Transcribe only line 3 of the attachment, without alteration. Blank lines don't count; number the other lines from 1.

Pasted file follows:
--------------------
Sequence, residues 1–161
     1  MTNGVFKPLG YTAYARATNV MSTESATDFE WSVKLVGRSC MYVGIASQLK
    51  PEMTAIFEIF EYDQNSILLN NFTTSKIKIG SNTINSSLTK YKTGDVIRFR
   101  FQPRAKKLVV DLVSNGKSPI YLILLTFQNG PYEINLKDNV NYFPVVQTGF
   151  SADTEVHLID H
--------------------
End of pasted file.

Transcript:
    51  PEMTAIFEIF EYDQNSILLN NFTTSKIKIG SNTINSSLTK YKTGDVIRFR